The MT3D transport model can be used to simulate changes in concentration of single-species miscible contaminants in groundwater considering advection, dispersion and some simplechemical reactions, with various types of boundary conditions and external sources or sinks. Thechemical reactions included in the model are equilibrium-controlled linear or non-linear sorptionand first-order irreversible decay or biodegradation. More, sophisticated chemical reactions canbe added to the model without changing the existing code. Currently, MT3D accommodates thefollowing spatial discretization capabilities and transport boundary conditions: (1) confined,unconfined or variably confined/unconfined aquifer layers; (2) inclined model layers and variablecell thickness within the same layer; (3) specified concentration or mass flux boundaries; and (4)the solute transport effects of external sources and sinks such as wells, drains, rivers, arealrecharge and evapotranspiration.1.2SOLUTION TECHNIQUESThe advective-dispersive-reactive equation describes the transport of miscible contaminantsin groundwater flow systems. Most numerical methods for solving the advective-dispersivereactive equation can be classified as Eulerian, Lagrangian or mixed Eulerian-Lagrangian(Neuman 1984). In the Eulerian approach, the transport equation is solved with a fixed gridmethod such as the finite-difference or finite-element method. The Eulerian approach offers theadvantage and convenience of a fixed grid, and handles dispersion/reaction dominated problemseffectively. For advection-dominated problems which exist in many field conditions, however, anEulerian method is susceptible to excessive numerical dispersion or oscillation, and limited bysmall grid spacing and time steps. In the Lagrangian approach, the transport equation is solved ineither a deforming grid or deforming coordinate in a fixed grid. The Lagrangian approachprovides an accurate and efficient solution to advection dominated problems with sharpconcentration fronts. However, without a fixed grid or coordinate, a Lagrangian method can leadto numerical instability and computational difficulties in nonuniform media with multiplesinks/sources and complex boundary conditions (Yeh, 1990). The mixed Eulerian-Lagrangianapproach attempts to combine the advantages of both the Eulerian and the Lagrangian approachesby solving the advection term with a Lagrangian method and the dispersion and reaction termswith an Eulerian method.The numerical solution implemented in MT3D is a mixed Eulerian-Lagrangian method. TheLagrangian part of the method, used for solving the advection term, employs the forward trackingmethod of characteristics (MOC), the backward-tracking modified method of characteristics(MMOC), or a hybrid of these two methods. The Eulerian part of the method, used for solvingthe dispersion and chemical reaction terms, utilizes a conventional block-centered finite-differencemethod.The method of characteristics, which was implemented in the U.S. Geological Survey twodimensional solute transport model (Konikow and Bredehoeft, 1978), has been use extensively infield studies. The MOC technique solves the advection term with a set of moving particles, andvirtually eliminates numerical dispersion for sharp front problems. One major drawback of this1-2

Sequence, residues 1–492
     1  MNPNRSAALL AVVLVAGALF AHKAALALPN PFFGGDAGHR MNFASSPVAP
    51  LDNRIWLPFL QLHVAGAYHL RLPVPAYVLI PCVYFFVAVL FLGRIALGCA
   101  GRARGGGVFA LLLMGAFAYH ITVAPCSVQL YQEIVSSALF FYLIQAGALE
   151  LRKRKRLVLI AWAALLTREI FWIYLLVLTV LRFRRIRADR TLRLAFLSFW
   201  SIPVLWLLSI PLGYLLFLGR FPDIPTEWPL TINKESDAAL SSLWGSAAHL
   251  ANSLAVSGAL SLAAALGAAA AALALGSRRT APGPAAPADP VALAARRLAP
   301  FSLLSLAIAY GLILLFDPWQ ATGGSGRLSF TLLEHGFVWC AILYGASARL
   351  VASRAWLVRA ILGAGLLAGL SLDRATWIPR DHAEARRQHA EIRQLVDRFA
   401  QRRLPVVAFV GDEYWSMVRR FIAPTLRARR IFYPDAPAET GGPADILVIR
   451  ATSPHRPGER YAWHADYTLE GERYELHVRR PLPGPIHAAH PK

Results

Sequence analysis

technique is that it needs to track a large number of moving particles, especially for threedimensional simulations, consuming a large amount of both computer memory and executiontime. The modified method of characteristics (MMOC) (e.g., Wheeler and Russell, 1983; Chenget. al., 1984) approximates the advection term by directly tracking the nodal points of a fixed gridbackward in time, and by using interpolation techniques. The MMOC technique eliminates theneed to track and maintain a large number of moving particles; therefore, it requires much lesscomputer memory and generally is more efficient computationally than the MOC technique. Thedisadvantage of the MMOC technique is that it introduces some numerical dispersion when sharpconcentration fronts are present. The hybrid MOC/MMOC technique (e.g., Neuman, 1984;Farmer, 1987) attempts to combine the strengths of the MOC and the MMOC techniques based onautomatic adaptation of the solution process to the nature of the concentration field. Theautomatic adaptive procedure implemented in MT3D is conceptually similar to the one proposedby Neuman (1984). When sharp concentration fronts are present, the advection term is solved bythe forward-tracking MOC technique through the use of moving particles dynamically distributedaround each front. Away from such fronts, the advection term is solved by the MMOC techniquewith nodal points directly tracked backward in time. When a front dissipates due to dispersionand chemical reactions, the forward tracking stops automatically and the corresponding particlesare removed.The MT3D transport model uses an explicit version of the block-centered finite-differencemethod to solve the dispersion and chemical reaction terms. The limitation of an explicit schemeis that there is a certain stability criterion associated with it, so that the size of time steps cannotexceed a certain value. However, the use of an explicit scheme is justified by the fact that it savesa large amount of computer memory which would be required by a matrix solver used in animplicit scheme. In addition, for many advection-dominated problems, the size of transport stepsis dictated by the advection process, so that the stability criterion associated with the scheme forthe dispersion and reaction processes is not a factor. It should be noted that a solution packagebased on implicit schemes for solving dispersion and reactions could easily be developed andadded to the model as an alternative solver for mainframes, more powerful personal computers, orworkstations with less restrictive memory constraints.1.3ORGANIZATION OF THIS REPORTThis report covers the theoretical, numerical and application aspects of the MT3D transportmodel. Following this introduction, Chapter 2 gives a brief overview of the mathematicalphysical basis and various functional relationships underlying the transport model. Chapter 3explains the mixed Eulerian-Lagrangian solution schemes used in MT3D in more detail. Chapter4 discusses implementational issues of the numerical method. Chapter 5 describes the structureand design of the MT3D model program, which has been divided into main program and anumber of packages, each of which deals with a single aspect of the transport simulation. Chapter6 provides detailed model input instructions and discusses how to set up a simulation. Chapter 7describes the example problems that were used to verify and test the MT3D program Theappendices include information on the computer memory requuements of the MT3D model and its1-3